Georges Bizet (1838)
It was on this date, October 25, 1838, that French opera composer Alexandre César Léopold Bizet – know as Georges Bizet – was born in Paris. His parents home-schooled him in music and at the age of nine the precocious child was admitted to the Paris Conservatoire. There he studied under Gounod, Halévy and others, excelling as a pianist. Bizet composed his Symphony in C at age 17 and, in 1858, won the Prix de Rome, which allowed him three years of financial security to explore composition.
Bizet was never conspicuously successful during his short life, although Franz Liszt said he considered Bizet one of the three finest pianists in Europe. His most popular work is his 1875 opera, Carmen, which was based on an 1846 novel by Prosper Mérimée (an Atheist). He never got to enjoy Carmen's success: Bizet died just a few months following the opera's premiere, after the critics scorned it, at just 36, on 3 June 1875, in Bougival, France. Carmen's revival just five years later, and its enduring popularity since, proved the critics wrong: it was recognized as brilliant by Camille Saint-Saëns, P.I. Tchaikovsky, and Claude Debussy.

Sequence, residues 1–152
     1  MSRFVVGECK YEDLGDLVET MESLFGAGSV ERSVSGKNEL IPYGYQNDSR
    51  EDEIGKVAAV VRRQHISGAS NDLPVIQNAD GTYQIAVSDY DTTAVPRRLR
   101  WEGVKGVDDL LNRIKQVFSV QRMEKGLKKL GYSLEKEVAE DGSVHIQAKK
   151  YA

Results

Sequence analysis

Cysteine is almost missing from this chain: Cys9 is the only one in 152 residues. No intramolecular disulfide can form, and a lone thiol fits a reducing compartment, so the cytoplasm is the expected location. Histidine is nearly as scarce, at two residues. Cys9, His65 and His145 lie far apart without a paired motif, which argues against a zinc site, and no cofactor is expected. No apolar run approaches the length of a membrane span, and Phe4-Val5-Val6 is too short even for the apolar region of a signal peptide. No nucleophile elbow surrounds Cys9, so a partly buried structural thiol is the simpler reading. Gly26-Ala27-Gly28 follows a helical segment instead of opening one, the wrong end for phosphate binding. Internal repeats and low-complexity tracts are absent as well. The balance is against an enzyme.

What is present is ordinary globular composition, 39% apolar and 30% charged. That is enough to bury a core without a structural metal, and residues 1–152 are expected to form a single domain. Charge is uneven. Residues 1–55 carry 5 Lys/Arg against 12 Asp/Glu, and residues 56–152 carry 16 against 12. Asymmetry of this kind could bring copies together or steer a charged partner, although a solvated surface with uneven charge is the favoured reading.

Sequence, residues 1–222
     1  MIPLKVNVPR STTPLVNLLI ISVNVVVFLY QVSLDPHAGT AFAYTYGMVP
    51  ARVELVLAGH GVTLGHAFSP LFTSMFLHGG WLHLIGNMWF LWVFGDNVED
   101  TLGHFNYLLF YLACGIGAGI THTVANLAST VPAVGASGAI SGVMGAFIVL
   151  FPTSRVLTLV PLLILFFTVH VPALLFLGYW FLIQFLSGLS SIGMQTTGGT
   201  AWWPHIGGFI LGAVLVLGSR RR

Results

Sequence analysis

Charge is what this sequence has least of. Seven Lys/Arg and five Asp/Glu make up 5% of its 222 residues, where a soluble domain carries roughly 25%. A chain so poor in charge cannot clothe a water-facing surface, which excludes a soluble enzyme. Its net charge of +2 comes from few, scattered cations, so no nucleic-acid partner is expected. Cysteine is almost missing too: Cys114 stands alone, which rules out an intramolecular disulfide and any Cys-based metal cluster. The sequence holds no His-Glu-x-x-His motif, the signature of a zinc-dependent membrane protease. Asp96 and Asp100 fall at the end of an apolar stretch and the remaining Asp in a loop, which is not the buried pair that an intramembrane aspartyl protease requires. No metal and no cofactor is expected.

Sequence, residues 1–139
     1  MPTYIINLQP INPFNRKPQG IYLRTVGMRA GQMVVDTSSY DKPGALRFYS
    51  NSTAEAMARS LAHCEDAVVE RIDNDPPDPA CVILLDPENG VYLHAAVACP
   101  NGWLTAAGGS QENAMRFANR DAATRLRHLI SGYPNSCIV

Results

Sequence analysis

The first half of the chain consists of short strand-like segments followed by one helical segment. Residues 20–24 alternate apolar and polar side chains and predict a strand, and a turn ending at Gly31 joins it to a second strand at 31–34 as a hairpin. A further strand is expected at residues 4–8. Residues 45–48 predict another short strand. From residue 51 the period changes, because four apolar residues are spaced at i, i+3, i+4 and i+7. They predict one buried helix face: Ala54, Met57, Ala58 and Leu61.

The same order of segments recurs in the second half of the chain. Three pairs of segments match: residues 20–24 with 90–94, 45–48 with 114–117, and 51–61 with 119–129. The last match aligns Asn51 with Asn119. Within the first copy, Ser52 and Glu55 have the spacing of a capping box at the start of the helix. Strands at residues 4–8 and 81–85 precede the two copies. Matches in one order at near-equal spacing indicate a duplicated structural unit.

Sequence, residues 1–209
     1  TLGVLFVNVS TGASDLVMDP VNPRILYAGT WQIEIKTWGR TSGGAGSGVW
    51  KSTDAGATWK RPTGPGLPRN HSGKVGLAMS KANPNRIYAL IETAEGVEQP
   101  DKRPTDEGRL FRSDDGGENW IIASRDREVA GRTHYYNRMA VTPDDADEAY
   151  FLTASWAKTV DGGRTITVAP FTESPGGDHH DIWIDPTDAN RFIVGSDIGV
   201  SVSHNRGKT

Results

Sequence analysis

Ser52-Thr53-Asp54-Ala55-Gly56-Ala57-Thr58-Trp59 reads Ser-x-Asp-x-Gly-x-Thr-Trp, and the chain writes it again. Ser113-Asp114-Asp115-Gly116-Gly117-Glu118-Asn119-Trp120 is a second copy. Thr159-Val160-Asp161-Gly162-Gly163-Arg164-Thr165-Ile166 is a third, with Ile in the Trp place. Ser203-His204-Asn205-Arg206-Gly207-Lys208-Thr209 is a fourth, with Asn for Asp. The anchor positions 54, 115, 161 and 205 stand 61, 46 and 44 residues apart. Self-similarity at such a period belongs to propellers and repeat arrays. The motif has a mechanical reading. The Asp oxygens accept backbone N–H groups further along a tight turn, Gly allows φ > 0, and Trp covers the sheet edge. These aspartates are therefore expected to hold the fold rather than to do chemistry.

Bizet's letters, published posthumously (1907), reveal that he emphatically rejected Christianity, and may have had no religious beliefs whatever. In one letter, he writes, "I have always read the ancient pagans with infinite pleasure while in Christian writers I find only system, egoism, intolerance, and a complete lack of artistic taste."
Originally published October 2003 by Ronald Bruce Meyer.
Having “little taste for the otherworldly speculations of dogmatic theology,” Wagner wrote his most powerful music in his “Ring” years, when he was an Atheist.